One of the town's most striking landmarks is the twelfth century Paisley Abbey, which offers an interesting combination of architectural styles reflecting its constant reconstructions over the centuries since its creation. Parts of the nave and main doorway were built in Norman style, yet the bulk of the building is more Gothic in nature, with many fine ornate details such as decorative columns and stained glass windows.
Another of the town's impressive religious buildings is the Thomas Coats Memorial Church which was built in the late nineteenth century in Gothic style, boasting beautiful mosaic floors and fine wood carvings and whose sixty metre spire dominates Paisley's skyline.
The power and influence of the town's major industry when it was hub for textile manufacture can be seen in the shape of buildings constructed by various mill owners at the time. Two of Paisley's most imposing sights were both commissioned by thread mill companies, Paisley Town Hall and Paisley Museum and Library. Many other examples of the town's architecture come from this period, giving Paisley a name for grand buildings.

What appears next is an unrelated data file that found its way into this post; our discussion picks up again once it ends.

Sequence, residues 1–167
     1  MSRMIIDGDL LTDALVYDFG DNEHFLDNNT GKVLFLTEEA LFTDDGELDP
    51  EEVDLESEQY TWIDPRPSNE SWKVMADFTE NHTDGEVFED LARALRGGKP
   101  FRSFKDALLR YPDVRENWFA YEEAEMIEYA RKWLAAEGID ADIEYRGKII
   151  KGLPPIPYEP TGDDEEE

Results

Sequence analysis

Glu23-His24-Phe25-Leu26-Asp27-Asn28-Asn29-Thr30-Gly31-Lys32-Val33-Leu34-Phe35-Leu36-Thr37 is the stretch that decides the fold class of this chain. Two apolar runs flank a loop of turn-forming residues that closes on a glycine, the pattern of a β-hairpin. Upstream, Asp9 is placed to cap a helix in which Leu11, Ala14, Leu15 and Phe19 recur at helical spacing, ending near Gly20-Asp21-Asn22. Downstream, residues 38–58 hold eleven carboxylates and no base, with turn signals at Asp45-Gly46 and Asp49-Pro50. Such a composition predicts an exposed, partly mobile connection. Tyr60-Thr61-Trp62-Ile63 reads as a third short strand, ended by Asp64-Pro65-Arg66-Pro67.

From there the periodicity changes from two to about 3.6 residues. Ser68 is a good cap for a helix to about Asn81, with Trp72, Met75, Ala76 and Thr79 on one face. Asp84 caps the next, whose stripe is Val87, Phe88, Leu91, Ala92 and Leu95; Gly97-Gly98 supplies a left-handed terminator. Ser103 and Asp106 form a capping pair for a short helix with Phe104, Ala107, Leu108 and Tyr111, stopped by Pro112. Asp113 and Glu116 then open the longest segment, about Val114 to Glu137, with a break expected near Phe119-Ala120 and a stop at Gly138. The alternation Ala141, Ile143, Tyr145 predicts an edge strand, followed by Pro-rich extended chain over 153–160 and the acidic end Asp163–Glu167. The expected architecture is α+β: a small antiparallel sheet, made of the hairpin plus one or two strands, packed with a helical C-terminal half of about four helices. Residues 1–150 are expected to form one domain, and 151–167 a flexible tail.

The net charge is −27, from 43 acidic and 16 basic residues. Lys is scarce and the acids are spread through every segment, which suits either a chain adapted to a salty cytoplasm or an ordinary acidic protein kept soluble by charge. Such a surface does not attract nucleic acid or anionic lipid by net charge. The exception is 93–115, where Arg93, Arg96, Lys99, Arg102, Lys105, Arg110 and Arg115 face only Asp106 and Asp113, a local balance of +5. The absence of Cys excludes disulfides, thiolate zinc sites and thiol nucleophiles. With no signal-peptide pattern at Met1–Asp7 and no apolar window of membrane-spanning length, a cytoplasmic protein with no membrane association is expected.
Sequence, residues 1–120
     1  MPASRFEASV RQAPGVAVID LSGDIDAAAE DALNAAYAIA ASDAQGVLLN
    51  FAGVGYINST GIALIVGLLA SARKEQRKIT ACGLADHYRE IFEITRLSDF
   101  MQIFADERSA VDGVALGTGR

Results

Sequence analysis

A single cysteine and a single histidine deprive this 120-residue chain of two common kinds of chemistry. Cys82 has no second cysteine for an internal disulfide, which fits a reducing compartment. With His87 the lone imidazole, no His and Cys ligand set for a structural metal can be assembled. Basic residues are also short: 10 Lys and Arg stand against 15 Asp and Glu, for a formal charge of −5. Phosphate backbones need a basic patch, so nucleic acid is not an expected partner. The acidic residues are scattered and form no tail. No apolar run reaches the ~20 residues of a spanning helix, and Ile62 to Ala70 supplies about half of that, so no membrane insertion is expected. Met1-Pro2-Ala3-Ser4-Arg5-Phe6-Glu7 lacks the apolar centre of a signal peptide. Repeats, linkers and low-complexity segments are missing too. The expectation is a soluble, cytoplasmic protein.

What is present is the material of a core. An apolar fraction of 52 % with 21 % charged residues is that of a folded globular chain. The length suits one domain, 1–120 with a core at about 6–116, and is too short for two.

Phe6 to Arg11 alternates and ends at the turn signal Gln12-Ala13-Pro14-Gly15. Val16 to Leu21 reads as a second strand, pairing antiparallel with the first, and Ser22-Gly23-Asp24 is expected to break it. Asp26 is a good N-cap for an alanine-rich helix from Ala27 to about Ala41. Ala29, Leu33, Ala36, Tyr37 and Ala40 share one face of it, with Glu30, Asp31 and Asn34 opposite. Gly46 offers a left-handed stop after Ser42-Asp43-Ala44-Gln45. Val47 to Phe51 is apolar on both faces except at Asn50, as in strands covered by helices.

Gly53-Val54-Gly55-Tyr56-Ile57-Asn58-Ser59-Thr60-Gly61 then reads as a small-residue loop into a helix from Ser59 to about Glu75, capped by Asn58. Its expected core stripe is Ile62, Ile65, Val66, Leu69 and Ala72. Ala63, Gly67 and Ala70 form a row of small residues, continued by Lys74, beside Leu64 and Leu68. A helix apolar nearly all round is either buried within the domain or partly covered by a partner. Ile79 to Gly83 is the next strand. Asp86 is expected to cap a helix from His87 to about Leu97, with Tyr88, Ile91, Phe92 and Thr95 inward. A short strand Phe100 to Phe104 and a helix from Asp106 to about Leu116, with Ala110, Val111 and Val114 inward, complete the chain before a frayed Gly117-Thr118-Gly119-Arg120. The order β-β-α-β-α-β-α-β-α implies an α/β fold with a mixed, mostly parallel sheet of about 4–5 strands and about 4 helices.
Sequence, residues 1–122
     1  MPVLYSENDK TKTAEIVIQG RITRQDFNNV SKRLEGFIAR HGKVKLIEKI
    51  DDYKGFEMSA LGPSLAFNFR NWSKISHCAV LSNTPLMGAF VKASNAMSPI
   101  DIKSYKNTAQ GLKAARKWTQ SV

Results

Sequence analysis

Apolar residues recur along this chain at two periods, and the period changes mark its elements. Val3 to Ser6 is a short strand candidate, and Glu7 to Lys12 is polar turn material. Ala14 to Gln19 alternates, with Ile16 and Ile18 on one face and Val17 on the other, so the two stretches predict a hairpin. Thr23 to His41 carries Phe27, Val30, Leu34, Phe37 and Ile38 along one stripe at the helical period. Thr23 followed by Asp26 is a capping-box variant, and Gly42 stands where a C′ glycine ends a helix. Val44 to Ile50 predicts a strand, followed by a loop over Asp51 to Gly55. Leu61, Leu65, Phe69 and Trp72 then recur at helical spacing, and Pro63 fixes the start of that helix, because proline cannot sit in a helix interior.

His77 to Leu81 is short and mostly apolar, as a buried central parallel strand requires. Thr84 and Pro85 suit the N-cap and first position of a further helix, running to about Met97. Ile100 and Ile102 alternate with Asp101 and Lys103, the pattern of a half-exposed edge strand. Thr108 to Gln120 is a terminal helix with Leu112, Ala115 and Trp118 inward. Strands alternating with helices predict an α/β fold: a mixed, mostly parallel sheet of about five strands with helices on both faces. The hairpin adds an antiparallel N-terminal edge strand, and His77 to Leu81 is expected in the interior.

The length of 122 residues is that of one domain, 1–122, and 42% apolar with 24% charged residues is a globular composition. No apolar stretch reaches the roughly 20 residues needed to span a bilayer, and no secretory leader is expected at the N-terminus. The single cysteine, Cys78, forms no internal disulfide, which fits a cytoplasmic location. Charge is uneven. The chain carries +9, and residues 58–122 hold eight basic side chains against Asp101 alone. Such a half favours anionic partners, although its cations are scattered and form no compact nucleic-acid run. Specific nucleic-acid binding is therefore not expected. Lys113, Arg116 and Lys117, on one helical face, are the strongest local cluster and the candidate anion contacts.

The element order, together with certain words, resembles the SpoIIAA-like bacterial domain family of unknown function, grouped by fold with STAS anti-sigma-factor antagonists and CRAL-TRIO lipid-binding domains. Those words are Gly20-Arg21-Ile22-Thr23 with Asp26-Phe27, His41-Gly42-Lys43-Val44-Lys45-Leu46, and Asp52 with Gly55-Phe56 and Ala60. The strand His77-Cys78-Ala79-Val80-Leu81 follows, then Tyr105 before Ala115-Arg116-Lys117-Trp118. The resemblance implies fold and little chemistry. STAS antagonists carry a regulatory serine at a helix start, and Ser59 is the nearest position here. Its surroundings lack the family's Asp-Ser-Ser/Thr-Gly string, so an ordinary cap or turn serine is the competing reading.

One site of particular local historic interest is the Dooslane Stane that is on display in the town's Brodie Park. This ancient carved stone was used as a meeting point for weavers at Paisley's industrial height as well as a soapbox and is today the starting point for the town's annual parade.
Paisley is home to Scottish Premier League football club St Mirren, named after the town's patron saint, whose small yet atmospheric stadium is full to capacity throughout the football season.